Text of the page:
Second, and this is where most young composers fall short, the composer has an obligation to understand the instruments they are writing for. If I am writing for violin, I should understand the instrument well enough that I can physically mimic how the player will approach the part, and can identify technical hurdles before the player ever sees the piece. This allows the composer to make informed decisions about the first obligation, to only write difficult passages when they are required. If moving the piece up a whole step places my violin double-stops on open strings, I should know that, and should be able to give a musical justification for why I decided to leave it in the more difficult key. Technical difficulty should never be the result of the composer’s arrogance, ignorance or apathy.
Finally, and most importantly, it is the obligation of the composer to ensure that the work justifies the challenge. This is the obligation to write well. If I’m going to give musicians a piece that requires substantial rehearsal, mental and emotional effort on their part, I better make sure that the end result justifies the work they are investing. Performing virtuosic passages requires the musician to internalize the music, to prepare it so well that it no longer comes from the page, but from the player. A musician who agrees to perform a work at that level is giving me access to their musicianship, allowing me to weave my musical ideas into them. That is a deep level of trust, and it obligates the composer to write up to a level that deserves such trust.
Toward the end of the week, I sat in and listened to a composition jury, where student composers preset the works they have written over the semester. It reminded me of how badly I’ve broke all three of these obligations in the course of my writing career. These thoughts have been rolling around in my head for a while, but the combination of these three experiences, Stravinsky, the reading workshop, and the juries, crystallized them into something usable.
I’m writing more difficult music today than I have before, but I hope I’m doing it for the right reasons. I hope I’m meeting these expectations myself.
I’m interested in hearing from those of you who are composers and performers. How does this fit with your experiences performing technically difficult works, or with writing challenging pieces?
I’m working on a new composition, a setting of The Lord’s Prayer for slovenly pirates and bellicose ne’er-do-wells. Or, I guess they just go by “Men’s Chorale”, but you get my point.
The Lord’s Prayers (the Matthew version, which all the cool kid use) is traditionally understood as 7 petitions:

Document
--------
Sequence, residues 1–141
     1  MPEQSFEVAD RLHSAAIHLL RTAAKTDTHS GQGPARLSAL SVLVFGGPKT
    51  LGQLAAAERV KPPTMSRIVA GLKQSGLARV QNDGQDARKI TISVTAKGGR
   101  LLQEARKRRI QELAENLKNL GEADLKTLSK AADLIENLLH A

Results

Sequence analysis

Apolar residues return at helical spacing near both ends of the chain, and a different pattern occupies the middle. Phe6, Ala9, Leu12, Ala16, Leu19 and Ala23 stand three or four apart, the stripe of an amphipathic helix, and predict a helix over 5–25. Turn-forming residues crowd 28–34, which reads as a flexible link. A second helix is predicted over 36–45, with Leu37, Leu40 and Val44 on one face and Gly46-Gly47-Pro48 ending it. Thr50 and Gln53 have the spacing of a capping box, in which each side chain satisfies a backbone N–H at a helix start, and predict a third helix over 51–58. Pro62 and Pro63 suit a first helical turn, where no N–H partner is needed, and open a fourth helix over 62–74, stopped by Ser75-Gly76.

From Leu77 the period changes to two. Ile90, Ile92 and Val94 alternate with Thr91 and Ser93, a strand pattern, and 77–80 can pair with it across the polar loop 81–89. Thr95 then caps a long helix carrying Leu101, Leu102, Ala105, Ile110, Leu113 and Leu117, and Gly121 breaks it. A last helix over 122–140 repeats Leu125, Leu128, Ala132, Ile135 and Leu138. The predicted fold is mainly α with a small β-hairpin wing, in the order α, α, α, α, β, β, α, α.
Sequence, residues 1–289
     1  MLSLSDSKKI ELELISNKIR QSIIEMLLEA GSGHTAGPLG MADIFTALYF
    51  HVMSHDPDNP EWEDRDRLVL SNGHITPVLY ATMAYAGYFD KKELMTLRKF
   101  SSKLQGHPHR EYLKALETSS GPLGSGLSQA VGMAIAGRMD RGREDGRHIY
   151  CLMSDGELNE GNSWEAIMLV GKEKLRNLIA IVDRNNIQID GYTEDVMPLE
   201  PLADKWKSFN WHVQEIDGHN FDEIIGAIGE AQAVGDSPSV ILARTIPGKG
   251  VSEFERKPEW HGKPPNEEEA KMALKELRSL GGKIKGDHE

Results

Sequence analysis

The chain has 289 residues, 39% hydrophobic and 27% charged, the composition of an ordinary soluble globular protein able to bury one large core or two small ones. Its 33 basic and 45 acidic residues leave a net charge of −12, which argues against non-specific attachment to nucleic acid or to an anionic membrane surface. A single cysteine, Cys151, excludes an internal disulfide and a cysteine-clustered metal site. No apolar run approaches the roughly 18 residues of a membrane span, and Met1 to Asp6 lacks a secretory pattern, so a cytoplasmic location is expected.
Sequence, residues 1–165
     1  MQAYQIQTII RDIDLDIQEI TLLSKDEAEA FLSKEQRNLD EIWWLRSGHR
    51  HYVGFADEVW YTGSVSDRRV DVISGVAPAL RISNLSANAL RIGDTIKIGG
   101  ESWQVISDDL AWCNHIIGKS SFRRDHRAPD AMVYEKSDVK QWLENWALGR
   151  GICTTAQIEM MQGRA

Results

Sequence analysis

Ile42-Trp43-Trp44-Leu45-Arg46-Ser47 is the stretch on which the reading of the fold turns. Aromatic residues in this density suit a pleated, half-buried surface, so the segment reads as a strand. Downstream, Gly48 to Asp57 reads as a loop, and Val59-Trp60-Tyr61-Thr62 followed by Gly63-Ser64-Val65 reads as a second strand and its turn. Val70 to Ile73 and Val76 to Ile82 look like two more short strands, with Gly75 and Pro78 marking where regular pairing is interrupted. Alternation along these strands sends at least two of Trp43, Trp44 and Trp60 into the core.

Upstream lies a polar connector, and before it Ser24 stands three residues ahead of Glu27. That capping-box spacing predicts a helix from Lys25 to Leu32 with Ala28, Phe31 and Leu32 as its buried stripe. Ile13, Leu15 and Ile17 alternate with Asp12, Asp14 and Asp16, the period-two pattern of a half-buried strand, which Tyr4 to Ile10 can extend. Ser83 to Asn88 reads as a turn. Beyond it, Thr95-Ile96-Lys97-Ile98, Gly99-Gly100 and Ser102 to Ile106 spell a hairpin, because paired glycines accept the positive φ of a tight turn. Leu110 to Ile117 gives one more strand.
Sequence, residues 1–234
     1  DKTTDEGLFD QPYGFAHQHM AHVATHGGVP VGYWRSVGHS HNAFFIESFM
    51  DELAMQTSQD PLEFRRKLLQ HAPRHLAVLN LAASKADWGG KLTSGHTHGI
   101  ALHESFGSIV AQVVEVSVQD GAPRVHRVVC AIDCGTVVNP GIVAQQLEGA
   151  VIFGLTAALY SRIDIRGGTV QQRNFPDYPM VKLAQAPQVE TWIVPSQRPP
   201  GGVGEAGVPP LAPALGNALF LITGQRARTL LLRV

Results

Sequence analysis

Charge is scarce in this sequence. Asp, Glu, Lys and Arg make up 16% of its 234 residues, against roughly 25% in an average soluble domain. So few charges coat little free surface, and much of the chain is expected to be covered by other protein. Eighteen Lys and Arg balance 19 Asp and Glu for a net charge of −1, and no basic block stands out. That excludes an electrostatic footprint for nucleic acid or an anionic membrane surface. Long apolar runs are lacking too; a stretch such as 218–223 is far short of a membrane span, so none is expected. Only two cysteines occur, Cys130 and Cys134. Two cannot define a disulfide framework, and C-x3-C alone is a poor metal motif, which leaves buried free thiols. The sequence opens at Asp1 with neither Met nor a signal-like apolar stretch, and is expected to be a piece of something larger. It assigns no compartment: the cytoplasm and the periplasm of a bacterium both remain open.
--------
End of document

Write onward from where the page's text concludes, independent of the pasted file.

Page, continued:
“Our Father, who is in heaven,
Make holy your name,
Bring your kingdom,
Manifest your will on earth, as in heaven,
Give us our daily bread,
Forgive our debts, as we forgive our debtors,
Do not lead us into temptation,
Deliver us from the Evil One.”
In writing this piece, I’ve been thinking about the theological implications of composition. I know, I know, make fun of me later. For now, just smirk to yourselves and read on.
I’m working out the 3rd petition in the piece right now, Your will be done on earth as it is in heaven.
This is no great mystery to the songwriters in the crowd, but that phrase can be sliced and diced and setup across the music in dozens of ways, and each one shifts the weight around on the ideas contained in the phrase. The words are the words, and they carry their own meaning, but the shades of emphasis are mine to play with.
If I make your a pickup, and land the word will on the downbeat, the emphasis moves. If I shift the phrase over, and begin with your on the downbeat, again, the emphasis moves.
When Albert Malotte write his well-known setting of the piece, he chose to put a strong divide between be done and on earth. I think that one choice has made a permanent shift in how most English-speaking people understand the prayer. Malotte made “on earth as it is in heaven” a descriptive supplement to “thy will be done.” In his rendering, there is almost an implied “(so that it will be) on earth as it is in heaven.” It makes the petition wistful, almost mournful.
Matthew’s greek text does not have that same grouping. It places the break (as nearly as we can tell; this kind of thing is always a bit subjective) between on earth and as in heaven. With that reading, the emphasis is on the present, immediate manifestation of God’s will, here, now, on earth, in this place. It’s not a far off vision of some future transformation, it’s a call to arms for the establishment of the Kingdom (in line with the first 2 petitions).
I’m sensing, as I write this piece, the power of setting words to music. There is actually the ability to shift theological meaning in the mind of the listener, and the performer, based on choices we assume are merely aesthetic.
It’s the mind of the performer that’s been heavily on my own mind as I write this piece. This is not a pretty piece of music. It’s an epic, Fortissimo! final judgment, second coming kind of piece. It emphasizes the prayer as an eschatalogical petition, a subversive rendering of the Hebrew Kaddish to invoke the overthrowing of the world, and the establishment of God’s Kingdom. It’s a call to arms.
The men’s chorale that will be performing it has a special place in my heart. The conductor has made it a workshop for turning awkward boys into godly men. They come in, adrift and insecure, cut loose from family and friends and home church, and are thrown together on campus with 10,000 people they don’t know. Men’s Chorale becomes a band of brothers, a sanctuary, and a training ground for how to grow up into a man. The way they sing reflects that.
When I finish this piece, I will hand it over to them, and they will learn it. Any given audience will hear it once, but they will sing it dozens of times, they will memorize it and perform it with passionate intensity. The meaning of the words will not be lost on them – I talk to these men frequently, and they are thoughtful and articulate. They chew on things.
As I spill ink on this new composition, I’m very aware of my obligation to these men, to take care for the ideas I hand over to their repetition and consideration.